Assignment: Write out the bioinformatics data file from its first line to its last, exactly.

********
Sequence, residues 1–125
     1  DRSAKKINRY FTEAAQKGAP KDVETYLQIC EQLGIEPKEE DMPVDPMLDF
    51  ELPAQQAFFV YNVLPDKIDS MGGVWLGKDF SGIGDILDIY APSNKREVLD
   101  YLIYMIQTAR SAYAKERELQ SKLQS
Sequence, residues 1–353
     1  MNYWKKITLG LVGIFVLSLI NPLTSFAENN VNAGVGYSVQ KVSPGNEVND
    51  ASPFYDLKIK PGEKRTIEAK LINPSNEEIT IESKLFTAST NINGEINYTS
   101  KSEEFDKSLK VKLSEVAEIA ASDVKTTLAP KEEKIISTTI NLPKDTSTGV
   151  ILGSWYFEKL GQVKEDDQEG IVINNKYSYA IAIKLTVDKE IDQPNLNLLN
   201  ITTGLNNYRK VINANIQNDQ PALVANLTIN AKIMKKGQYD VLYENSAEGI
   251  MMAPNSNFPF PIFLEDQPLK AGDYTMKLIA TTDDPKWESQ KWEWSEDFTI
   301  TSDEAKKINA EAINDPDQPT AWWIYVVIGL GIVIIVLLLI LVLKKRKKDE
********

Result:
Sequence, residues 1–125
     1  DRSAKKINRY FTEAAQKGAP KDVETYLQIC EQLGIEPKEE DMPVDPMLDF
    51  ELPAQQAFFV YNVLPDKIDS MGGVWLGKDF SGIGDILDIY APSNKREVLD
   101  YLIYMIQTAR SAYAKERELQ SKLQS
Sequence, residues 1–353
     1  MNYWKKITLG LVGIFVLSLI NPLTSFAENN VNAGVGYSVQ KVSPGNEVND
    51  ASPFYDLKIK PGEKRTIEAK LINPSNEEIT IESKLFTAST NINGEINYTS
   101  KSEEFDKSLK VKLSEVAEIA ASDVKTTLAP KEEKIISTTI NLPKDTSTGV
   151  ILGSWYFEKL GQVKEDDQEG IVINNKYSYA IAIKLTVDKE IDQPNLNLLN
   201  ITTGLNNYRK VINANIQNDQ PALVANLTIN AKIMKKGQYD VLYENSAEGI
   251  MMAPNSNFPF PIFLEDQPLK AGDYTMKLIA TTDDPKWESQ KWEWSEDFTI
   301  TSDEAKKINA EAINDPDQPT AWWIYVVIGL GIVIIVLLLI LVLKKRKKDE